Jump to content
Nugget Shooter Forums

d_day

Nugget Shooter Members
  • Posts

    636
  • Joined

  • Last visited

  • Days Won

    2

Everything posted by d_day

  1. Looks more like trilobite fragments to me. Either way, nice find.
  2. Well, if there are air bubbles, it’s most likely to be slag. I thought maybe copal or amber, but your heating of the piece eliminated those possibilities.
  3. Obsidian? In North Carolina? Not likely. There are no known occurrences of obsidian east of the Mississippi. The geology of everything east of the Mississippi is far too old for obsidian to exist. Any obsidian that may have been in the area would have long since degraded into perlite. As to the turquoise, well, none of those stones look anything like any turquoise I’ve ever seen. Turquoise has a hardness of 5 to 6, and a specific gravity between 2.6 and 2.9. Test your pieces and if they don’t fall into these ranges then you definitely don’t have turquoise.
  4. Looks like a piece of river polished quartzite to me.
  5. Looks like another pegmatitic granite.
  6. Might be vesicular basalt, but I think it’s most likely industrial slag.
  7. All that rust has me thinking it’s an iron bearing rock of some sort.
  8. I’m going to guess either low grade obsidian, slag, or common opal. All can only be guesses when there is no more information besides a photo.
  9. I’m almost wondering is this was formed in a similar manner to a septarian nodule. I doubt it, but I suppose it’s possible.
  10. I all seriousness, it looks like a bunch of river worn granite.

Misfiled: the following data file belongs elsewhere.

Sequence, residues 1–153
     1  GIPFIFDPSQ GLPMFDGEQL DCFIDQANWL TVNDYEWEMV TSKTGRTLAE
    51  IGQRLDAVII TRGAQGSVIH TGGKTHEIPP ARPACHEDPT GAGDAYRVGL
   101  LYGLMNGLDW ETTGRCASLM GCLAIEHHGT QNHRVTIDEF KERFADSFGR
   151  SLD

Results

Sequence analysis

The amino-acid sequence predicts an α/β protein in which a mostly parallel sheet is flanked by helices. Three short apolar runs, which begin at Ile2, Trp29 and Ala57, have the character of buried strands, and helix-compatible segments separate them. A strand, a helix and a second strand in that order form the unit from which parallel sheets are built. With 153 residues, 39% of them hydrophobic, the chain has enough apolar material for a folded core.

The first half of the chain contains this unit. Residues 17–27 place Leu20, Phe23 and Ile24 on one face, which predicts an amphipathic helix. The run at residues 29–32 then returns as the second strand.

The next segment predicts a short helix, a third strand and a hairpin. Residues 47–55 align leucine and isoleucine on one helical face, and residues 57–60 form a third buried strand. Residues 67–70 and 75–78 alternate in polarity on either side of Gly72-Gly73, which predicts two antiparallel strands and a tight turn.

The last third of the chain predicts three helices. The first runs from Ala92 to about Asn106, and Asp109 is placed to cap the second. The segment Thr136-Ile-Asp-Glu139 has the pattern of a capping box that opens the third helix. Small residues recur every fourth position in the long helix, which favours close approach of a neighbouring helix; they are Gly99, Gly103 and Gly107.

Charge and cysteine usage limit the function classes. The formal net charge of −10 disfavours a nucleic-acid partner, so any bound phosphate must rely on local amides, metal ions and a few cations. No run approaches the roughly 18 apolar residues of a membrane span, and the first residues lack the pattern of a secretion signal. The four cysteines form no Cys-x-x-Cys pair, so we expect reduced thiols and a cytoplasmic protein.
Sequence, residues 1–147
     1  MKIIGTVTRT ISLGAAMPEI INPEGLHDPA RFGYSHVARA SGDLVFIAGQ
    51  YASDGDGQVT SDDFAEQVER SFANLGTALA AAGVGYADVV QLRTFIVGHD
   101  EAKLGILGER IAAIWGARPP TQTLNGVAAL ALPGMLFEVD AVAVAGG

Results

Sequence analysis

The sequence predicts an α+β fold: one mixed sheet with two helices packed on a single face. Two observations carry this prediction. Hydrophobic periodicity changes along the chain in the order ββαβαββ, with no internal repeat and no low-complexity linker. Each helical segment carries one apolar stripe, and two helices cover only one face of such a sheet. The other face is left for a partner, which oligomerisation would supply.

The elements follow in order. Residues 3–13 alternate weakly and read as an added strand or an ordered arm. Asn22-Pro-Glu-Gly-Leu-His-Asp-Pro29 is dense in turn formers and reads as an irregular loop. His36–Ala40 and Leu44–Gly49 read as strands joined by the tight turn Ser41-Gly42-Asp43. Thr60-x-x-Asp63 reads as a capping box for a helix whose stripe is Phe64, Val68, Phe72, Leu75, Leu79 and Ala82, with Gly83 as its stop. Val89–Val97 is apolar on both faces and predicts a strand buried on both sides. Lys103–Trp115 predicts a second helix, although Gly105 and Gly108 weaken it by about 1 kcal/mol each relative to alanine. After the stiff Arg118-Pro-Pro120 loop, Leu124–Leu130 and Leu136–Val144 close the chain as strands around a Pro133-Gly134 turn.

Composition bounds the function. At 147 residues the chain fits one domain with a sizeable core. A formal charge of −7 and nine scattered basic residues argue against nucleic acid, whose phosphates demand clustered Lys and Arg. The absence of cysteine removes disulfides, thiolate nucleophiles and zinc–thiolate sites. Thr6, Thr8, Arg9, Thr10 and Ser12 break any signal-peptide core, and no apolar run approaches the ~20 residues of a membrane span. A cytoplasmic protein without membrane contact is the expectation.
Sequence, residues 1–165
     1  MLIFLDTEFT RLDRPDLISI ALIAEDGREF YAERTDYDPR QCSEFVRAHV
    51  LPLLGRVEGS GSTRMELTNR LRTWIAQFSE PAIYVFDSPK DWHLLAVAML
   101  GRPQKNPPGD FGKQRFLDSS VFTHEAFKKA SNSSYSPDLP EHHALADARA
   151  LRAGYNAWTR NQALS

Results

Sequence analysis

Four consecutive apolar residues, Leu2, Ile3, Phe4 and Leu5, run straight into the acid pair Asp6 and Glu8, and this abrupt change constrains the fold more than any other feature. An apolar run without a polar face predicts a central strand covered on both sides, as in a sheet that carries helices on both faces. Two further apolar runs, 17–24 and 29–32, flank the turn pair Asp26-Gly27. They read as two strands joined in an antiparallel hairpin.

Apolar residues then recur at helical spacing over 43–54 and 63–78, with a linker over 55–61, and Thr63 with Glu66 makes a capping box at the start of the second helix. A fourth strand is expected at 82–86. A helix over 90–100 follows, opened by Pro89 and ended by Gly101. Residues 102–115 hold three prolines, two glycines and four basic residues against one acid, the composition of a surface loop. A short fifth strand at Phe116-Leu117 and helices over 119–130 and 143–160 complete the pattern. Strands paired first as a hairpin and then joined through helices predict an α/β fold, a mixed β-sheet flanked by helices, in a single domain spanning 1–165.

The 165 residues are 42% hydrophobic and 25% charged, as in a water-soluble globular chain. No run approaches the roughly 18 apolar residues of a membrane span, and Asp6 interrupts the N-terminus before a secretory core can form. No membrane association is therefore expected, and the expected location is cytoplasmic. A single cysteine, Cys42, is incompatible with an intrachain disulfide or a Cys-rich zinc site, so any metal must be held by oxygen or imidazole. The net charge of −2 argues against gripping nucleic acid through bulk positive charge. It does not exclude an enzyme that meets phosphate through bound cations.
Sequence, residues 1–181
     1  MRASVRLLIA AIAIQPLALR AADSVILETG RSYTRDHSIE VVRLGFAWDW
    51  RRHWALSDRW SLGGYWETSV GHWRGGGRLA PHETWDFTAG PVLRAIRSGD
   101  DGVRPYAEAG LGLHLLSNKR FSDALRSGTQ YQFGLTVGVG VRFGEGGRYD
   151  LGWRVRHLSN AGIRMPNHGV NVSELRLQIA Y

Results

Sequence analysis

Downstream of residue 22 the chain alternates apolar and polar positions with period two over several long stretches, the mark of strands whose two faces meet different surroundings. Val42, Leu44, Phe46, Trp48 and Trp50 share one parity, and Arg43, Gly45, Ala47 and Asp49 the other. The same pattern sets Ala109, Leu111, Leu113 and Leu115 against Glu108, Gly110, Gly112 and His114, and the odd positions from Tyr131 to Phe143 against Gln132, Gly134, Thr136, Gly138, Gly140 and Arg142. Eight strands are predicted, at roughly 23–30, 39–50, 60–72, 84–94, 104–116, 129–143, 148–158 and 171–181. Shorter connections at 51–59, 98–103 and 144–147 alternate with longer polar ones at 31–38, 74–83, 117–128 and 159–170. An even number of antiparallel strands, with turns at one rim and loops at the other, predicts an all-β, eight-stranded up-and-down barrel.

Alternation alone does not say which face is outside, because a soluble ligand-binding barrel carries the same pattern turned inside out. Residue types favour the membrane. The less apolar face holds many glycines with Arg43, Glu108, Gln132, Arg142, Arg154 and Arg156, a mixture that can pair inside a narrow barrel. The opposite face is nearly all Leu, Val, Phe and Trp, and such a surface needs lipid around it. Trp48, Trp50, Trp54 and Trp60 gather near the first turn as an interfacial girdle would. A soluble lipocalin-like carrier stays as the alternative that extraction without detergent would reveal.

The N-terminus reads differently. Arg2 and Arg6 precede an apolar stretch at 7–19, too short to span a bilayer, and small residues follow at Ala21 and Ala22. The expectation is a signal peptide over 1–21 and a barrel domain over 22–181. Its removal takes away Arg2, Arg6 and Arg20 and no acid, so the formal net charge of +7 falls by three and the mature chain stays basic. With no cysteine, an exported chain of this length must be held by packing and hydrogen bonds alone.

11. If I had to guess I’d say it’s a photograph of some rocks.
  12. What’s their hardness on the Mohs scale? What’s their specific gravity? Where were they found? these are all things we should know. Those stones could be about a million different things, and without more information we are literally just guessing.
  13. Calcite and aragonite will both react to vinegar since they are both calcium carbonate. The difference is just in the way the molecules are stacked. Calcite has a trigonal crystal system whereas aragonite is orthorhombic.
  14. Let me preface this by first saying do not take my opinion as gospel, primarily because I’m uncomfortable giving it based on photos alone. I’d be more comfortable if I could see it in person. I think this is real. It’s a copper mineral called malachite. It’s deposited slowly over time. A piece like this has a uniform color on the surface when found in nature. Specimens like are ground fairly smooth and then polished. This exposes the different layers giving it the concentric rings. This is something they do to specimens that are too thin or uneven to cut into slabs.
  15. I don’t think you’ve got a boulder at all. I think you’ve got a clump of very hard dirt with some rocks and dead tree roots in it.
  16. I’ve wanted to cut some of that for years. Can’t seem to afford the stuff though.
  17. Yeah, most likely selenite, but might also be a number of borate minerals.
  18. Anything we put forward without more info than just the pictures is going to be a guess. The white portion is pretty obviously softer than the rest of the stone, since you can see deeper wear near the edges. The white part is not much softer than the rest though, since it’s barely eroded more than the rest. It might be from a half to a full point softer on the Mohs scale. Or it might even be the same hardness but appears to wear more quickly because it’s more crystalline than the rest. That being said, it looks a bit like a river worn jade with quartz veins. It also looks like it could be marble. There’s just no telling without more info.
  19. Identifying stones from photos alone is difficult. Do you have more information, such as hardness and specific gravity? Can you take some clearer photos, maybe a little closer? It would certainly help.
  20. Going to take a wild guess and say opal.
  21. Does it scratch with a fingernail?
×
×
  • Create New...